The First Class Diary

First Class Diary: Overall Best Student In UI Shares Her Story

Written by Abigael Ibikunle

Hello everyone, let me apologise for not posting last week. Thanks for forgiving me. Winks! My scholar for the week is an amazing young lady. Mary is the Overall Best Student in UI, 2018/2019 session. She shares her story and advises students. Enjoy!

Abigael Ibikunle of Edugist: Please share with Edugist, a little about your background.

Mary Ofure: My name is Mary Ebhomielen Ofure. I am the second of six children;three boys, three girls. I had my primary school at Ikeja; Caro Nursery and Primary School, Ikeja. And moved on to my secondary school in 2008 at Liousville Girl’s high school at Ijebu, Itele. And afterwards, I furthered my education at University of Ibadan for a degree in Computer Science.

AI: Was there any motivating factor(s) that influenced your choice of discipline and institution?

MO: I remember back then in school, in SS3. People would talk about the school they wanted to go to. In my case, I wanted to go to either UI or Unilag. I didn’t know much about Nigerian Universities. But then, Unilag had a tag. Which was that their students are party lovers.

My family live in Lagos, so it’s easy for my parents to come and sneak up on me. Hence, Unilag was cancelled. At the time, UI had this very serious reputation. Coupled with the fact that a lot of my friends attended UI at the time. So, I just thought if they went, I would as well.

And for course of study. From childhood, I had always wanted to study medicine. It was always going to be medicine. But somewhere along the line, SS3 to be precise. About a week before I filled my JAMB form, I don’t know how it happened but I just didn’t want to study medicine again.

There was really nothing but I just didn’t want to study medicine again. That was the time when Android apps started coming out. All the android game apps and all seemed intriguing to me. So, I thought I wanted to be involved in building and developing Apps. I thought it was cool and all. It was a smart thing to do. So, that was it for me. I wanted to study Computer Science.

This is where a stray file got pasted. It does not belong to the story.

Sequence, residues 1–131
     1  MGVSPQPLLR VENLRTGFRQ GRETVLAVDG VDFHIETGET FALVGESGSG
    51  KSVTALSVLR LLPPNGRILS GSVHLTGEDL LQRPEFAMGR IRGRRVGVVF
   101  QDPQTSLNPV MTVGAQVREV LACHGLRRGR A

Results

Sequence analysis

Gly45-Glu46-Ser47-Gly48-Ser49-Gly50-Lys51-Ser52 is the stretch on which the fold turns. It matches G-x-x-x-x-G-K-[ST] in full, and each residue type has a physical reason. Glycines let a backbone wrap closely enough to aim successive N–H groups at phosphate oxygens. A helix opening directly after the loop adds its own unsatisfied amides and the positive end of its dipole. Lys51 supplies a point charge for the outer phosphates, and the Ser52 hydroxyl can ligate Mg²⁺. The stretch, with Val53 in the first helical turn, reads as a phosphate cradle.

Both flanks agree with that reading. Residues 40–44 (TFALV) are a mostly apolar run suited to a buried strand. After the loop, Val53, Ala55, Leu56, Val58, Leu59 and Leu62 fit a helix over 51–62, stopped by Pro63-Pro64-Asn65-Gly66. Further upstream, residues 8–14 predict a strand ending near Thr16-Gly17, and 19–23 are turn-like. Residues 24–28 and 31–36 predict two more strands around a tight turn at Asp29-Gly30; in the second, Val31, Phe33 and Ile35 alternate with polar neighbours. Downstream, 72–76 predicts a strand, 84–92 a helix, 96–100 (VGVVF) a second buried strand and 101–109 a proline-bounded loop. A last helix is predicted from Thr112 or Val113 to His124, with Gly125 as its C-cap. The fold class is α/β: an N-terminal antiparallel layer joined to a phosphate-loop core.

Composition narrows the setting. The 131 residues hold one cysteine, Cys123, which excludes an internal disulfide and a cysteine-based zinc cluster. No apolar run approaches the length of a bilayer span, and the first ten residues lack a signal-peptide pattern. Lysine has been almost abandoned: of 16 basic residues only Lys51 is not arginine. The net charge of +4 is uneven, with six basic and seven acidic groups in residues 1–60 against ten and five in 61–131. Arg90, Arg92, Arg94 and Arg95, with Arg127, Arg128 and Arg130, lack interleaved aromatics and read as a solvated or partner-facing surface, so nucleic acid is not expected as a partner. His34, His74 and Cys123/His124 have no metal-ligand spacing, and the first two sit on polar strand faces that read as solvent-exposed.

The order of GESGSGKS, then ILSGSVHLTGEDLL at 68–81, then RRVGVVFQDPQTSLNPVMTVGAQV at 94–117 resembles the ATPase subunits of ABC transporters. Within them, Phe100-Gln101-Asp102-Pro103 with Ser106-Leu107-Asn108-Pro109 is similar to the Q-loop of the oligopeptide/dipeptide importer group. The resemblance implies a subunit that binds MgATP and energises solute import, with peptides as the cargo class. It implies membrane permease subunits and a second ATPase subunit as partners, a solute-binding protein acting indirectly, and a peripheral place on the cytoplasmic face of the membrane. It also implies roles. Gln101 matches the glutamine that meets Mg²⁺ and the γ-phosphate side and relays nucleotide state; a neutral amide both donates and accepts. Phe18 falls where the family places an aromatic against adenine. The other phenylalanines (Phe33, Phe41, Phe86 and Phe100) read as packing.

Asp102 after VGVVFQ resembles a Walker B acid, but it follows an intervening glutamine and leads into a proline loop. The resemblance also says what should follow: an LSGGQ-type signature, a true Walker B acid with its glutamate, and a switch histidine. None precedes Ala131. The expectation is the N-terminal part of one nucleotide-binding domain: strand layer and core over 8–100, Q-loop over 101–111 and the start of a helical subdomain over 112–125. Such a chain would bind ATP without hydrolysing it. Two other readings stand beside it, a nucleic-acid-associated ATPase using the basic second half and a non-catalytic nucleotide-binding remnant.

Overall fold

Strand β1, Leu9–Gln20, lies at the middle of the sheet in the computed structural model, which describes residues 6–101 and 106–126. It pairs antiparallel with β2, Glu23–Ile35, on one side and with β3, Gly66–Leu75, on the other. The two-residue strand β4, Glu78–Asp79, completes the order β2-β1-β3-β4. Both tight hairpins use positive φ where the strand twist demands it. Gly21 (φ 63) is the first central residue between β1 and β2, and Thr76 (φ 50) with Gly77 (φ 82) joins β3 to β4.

AI: What was your undergraduate journey like?

MO: I started like every other student. I just thought, when I get into school, I wanted to do my best. Because I have seen the result of hard work before and that was from my WAEC. I studied hard and I got good results; 6 A’s. I thought to myself to replicate that as well in University. It wasn’t like I had any GP ambition in mind. It was just a thing of seeing the result of hard work.

From my first semester, I wasn’t the type that was exploiting the newly acquired freedom. I just wanted to make the best use of it. And I started with a 7.0. From there, when I saw that I could actually have a 7.0, the next thing was to maintain it.

It was not easy to maintain it because there was so much pressure from everyone here and there. There were a lot of pressure from course mates, friends to maintain it. And I think that was my major struggle in UI. The pressure from everyone to maintain that CGPA and I am glad I did. And I am thankful to God for the ending.

AI: There are two major skills that every student must possess: COMPETENCE and PERFORMANCE. While competence revolves around skill acquisition. Performance is much more concerned about skills application. It is believed that most graduates are competent because their academic performance testifies to this. But they are performance-challenged. This poor performance ipso facto hinders them from getting lucrative jobs in the labor market. What can you say about this assertion?

MO: I will answer this question with what my course mate always said while we were in school. He’ll say that

there is no way you’ll be loaded and not be needed.

And it’s practically true because there is no way a student would have the skills required for a job market and then people would not demand for his or her skills. So, even though we’re talking about competence and performance. If we consider jobs like management for example, before they recruit, they go for first class, 2:1 and things like that.

And if we consider jobs like technology, they usually consider how well the applicant can code. They don’t really care if they have a 2:1 or not. For performance, it usually depends on a number of factors. For competence, if a student keeps doing things over and over again, there is no how such student will not be competent at it.

But performance is another issue. A student can be competent and not be performing because of a number of factors. Some of which might be background; like things happening at home. Some can be lack of motivation to do the job. The pay might be another factor. So, I think performance-based is a factor of what motivates an individual to do the job.

If the job is okay, things going on well and there is satisfaction in the work done. Then performance will complement competence. Performance is just based on couple of other factors. Competence will always be there as far as you continue doing it over and over again. Performance is just as a result of things that motivates you.